Family Of Ferry Accident Victim Settles For $3.2M

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by Karen Florin
The Day

February 2, 2008

In this Nov. 19, 2002 file photo, police cars block access to Cross Sound Ferry's Susan Anne, left, following an accident in which a tractor-trailer rolled off the boat, killing its driver, who was still in the cab. (Sean D. Elliot)

The survivors of a truck driver who died when his tractor-trailer rolled off the stern of a Cross Sound ferry five years ago have received a settlement of more than $3.2 million from the ferry company and the Workers Compensation Commission.

The ferry company, while not admitting fault, has added safety equipment as a result of the accident.

Michael Zuber, 53, a father of three from Stratford, was hauling a rock crusher from Branford to Long Island when he boarded the Susan Anne in New London on Nov. 20, 2002. The ferry was less than a mile away from the dock at Orient Point when the truck rolled off the back of the boat and sank into the turbulent waters of Plum Gut. Zuber was found unconscious in an oil slick and was pronounced dead at a local hospital.

Zuber's wife of 20 years sued the ferry company for negligence. One of her primary complaints was that the ferry crew had not secured the truck's back wheels with blocking devices known as chocks. Also, the crew allowed Zuber to stay in the truck's cab during the trip despite the company's policy that passengers leave their vehicles while the ferry is under way. The ferry crews have said they often allowed truck drivers to remain in their cabs to catch up on their rest.

“I'm satisfied with how the case was resolved,” Gail Zuber said this week. “I'm hoping they will take more safety precautions. Chock all the trucks, even tie them down with chains if possible. Any kind of measures that make it safer.”

Zuber said she would not want another family to suffer this kind of loss. She and her three children were “like zombies” for a long time, she said, but everyone is now doing well and adjusting, “Thank God.”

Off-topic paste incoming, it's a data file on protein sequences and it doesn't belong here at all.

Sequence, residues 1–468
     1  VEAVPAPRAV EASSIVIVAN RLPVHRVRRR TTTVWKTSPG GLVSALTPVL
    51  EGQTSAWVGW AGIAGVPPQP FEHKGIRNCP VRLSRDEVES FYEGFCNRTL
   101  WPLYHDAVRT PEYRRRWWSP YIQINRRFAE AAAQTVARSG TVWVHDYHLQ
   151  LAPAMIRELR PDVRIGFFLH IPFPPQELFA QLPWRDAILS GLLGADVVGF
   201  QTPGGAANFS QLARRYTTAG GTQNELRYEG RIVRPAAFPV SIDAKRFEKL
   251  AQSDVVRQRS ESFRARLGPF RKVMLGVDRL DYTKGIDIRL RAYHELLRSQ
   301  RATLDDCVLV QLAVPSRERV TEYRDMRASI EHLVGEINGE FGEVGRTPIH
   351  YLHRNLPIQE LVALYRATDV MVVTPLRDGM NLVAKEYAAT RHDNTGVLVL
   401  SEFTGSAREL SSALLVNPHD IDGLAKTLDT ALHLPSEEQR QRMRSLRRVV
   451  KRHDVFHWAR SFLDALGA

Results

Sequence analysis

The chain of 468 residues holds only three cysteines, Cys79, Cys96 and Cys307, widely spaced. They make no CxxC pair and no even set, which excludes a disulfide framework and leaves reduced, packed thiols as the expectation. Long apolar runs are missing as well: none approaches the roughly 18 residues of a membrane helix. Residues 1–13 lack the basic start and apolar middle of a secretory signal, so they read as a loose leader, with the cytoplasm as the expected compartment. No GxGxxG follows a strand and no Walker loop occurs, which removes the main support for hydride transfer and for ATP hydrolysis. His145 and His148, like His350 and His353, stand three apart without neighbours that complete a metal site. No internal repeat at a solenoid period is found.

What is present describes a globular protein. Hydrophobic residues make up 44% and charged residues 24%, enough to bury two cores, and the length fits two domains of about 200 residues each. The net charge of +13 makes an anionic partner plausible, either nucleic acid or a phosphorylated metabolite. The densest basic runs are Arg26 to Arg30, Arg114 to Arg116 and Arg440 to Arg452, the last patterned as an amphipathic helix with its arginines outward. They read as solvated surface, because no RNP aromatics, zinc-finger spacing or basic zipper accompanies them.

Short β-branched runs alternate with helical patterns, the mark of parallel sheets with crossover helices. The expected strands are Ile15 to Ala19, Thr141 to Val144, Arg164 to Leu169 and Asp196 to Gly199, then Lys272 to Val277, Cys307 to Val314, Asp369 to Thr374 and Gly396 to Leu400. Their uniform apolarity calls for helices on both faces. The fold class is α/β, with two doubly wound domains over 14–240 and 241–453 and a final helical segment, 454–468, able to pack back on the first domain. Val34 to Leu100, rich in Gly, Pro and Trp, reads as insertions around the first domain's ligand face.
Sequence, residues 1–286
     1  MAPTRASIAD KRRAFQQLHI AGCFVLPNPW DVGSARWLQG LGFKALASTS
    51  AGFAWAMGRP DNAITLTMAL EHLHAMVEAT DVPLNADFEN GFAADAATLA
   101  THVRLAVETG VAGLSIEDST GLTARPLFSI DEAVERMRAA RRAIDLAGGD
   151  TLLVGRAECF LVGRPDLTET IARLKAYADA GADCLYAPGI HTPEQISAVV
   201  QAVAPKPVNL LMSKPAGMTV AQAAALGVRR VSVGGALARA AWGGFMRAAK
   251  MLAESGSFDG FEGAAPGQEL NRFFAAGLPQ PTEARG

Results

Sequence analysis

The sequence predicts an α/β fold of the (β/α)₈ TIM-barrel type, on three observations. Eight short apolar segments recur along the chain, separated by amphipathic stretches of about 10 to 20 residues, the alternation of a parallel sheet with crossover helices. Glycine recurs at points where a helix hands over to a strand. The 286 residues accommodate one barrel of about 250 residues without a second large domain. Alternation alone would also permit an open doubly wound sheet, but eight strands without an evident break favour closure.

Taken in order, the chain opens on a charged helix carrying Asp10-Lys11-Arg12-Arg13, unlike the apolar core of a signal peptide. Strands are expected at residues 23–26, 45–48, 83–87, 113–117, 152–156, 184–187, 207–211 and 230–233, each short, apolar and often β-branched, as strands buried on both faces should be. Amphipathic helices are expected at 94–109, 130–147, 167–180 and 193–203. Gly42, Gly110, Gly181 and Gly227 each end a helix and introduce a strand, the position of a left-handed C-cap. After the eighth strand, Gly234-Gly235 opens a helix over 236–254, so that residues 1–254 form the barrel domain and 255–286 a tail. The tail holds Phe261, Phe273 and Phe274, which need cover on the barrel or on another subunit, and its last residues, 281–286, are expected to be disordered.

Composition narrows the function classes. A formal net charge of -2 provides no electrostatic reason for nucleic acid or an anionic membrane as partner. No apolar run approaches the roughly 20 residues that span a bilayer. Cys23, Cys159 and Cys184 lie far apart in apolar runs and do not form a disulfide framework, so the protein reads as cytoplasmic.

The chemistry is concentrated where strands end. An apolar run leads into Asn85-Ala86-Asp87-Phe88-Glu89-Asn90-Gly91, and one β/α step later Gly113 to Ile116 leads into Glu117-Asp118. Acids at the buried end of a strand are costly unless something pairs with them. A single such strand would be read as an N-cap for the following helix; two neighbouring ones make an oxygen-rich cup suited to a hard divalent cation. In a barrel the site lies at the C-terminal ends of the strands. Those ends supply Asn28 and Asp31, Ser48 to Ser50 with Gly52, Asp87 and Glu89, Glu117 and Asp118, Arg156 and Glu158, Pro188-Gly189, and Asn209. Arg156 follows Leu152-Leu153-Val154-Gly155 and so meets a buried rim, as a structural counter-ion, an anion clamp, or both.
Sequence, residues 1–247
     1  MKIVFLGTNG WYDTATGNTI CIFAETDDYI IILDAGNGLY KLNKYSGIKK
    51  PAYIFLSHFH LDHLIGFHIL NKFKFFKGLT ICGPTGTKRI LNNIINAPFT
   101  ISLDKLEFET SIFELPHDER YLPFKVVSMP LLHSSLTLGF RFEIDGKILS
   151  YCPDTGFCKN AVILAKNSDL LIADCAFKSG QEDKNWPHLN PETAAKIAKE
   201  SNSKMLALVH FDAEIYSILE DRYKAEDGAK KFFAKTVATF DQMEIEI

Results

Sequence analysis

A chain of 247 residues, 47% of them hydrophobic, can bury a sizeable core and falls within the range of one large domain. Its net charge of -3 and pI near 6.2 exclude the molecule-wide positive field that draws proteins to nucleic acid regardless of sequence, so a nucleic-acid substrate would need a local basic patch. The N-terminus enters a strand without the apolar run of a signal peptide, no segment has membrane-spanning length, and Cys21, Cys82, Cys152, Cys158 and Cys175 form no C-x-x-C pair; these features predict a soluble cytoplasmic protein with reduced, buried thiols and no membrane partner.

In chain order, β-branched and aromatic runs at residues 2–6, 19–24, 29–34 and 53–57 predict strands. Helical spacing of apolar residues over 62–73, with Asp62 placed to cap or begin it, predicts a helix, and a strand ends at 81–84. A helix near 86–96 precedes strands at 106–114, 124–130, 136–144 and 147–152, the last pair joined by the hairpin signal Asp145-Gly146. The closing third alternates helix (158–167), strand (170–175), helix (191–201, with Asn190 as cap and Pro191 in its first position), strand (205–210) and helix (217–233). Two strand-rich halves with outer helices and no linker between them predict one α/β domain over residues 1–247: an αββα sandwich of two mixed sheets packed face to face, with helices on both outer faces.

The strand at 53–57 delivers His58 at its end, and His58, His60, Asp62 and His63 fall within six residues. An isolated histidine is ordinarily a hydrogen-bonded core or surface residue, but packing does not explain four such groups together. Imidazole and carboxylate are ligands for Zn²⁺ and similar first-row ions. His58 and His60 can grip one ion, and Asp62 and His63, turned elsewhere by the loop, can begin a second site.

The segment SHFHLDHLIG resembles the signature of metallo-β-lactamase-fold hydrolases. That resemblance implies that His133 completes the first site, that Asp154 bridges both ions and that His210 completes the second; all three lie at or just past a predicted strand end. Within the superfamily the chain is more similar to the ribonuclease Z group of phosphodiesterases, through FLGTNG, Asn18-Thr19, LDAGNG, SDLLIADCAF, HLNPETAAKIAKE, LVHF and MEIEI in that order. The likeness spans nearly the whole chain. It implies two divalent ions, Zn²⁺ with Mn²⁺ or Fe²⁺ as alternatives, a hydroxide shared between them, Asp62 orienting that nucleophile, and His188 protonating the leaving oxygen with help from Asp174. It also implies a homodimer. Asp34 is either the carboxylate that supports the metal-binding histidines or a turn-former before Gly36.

The ferry company's insurer handled the lawsuit, deciding in October 2007 to settle the case for $2.25 million. A Probate Court approved the agreement. Zuber's widow and his estate also received around $1 million from the Workers Compensation Commission, according to the Zubers' attorney, William M. Bloss of the Bridgeport law firm Koskoff Koskoff & Bieder.

Multiple witnesses had testified at depositions that the truck's wheels were not chocked, and the ferry company readily admitted to that, Bloss said.

“They took the position that Coast Guard regulations relating to chocking were ambiguous and legally they didn't need to chock the truck,” he said.

Bloss said the truck's brakes had failed when pinhole leaks caused the air to bleed out. The truck had been manufactured in Europe, he said. Had it been made in America, the brakes would have locked when the air pressure bled out, he said.

“It was a tragic set of circumstances, but clearly the tragedy does not occur if a single chock was used,” Bloss said. Also, he said, had the crew enforced the policy of not allowing passengers to stay in their vehicles, Zuber would have been safe in the ferry cabin.

He said a crewmember testified that he heard the brakes set when the truck was brought onto the ferry and that a deckhand who was standing near the truck when it started to roll did not hear the truck start up or see any brake lights.

“There is absolutely no evidence the truck was engaged when it started to roll,” Bloss said.

Adam Wronowski, vice president of Cross Sound Ferry, said the Coast Guard did not cite or charge any crewmembers following a months-long investigation, and that the company had hired its own engineers and other experts to ensure it is taking every safety precaution.

“We spent a lot of time on this, and believe me, we're making sure we're doing everything possible to make sure this never happens again,” he said.

Wronowski said the ferry crews had previously chocked the wheels of all vehicles at the end or edge of the boats. Zuber's truck was in the middle of the boat, but at the end of line of vehicles, Wronowski said. Now, he said, “We chock everything at the end of the line.”

“The bottom line is, there's a loss of life here, and regardless of how or why, that's a tragedy. We've always had a strong opinion as to why and how the truck went off the boat. Part of that very strong opinion was that it was through no fault of ours and the crew.”

Wronowski declined to go into detail “out of respect for the (Zuber) family.”

The bulk of the tractor-trailer remains at the bottom of the Sound. It sank in about 100 feet of water in a treacherous area that made it difficult to salvage.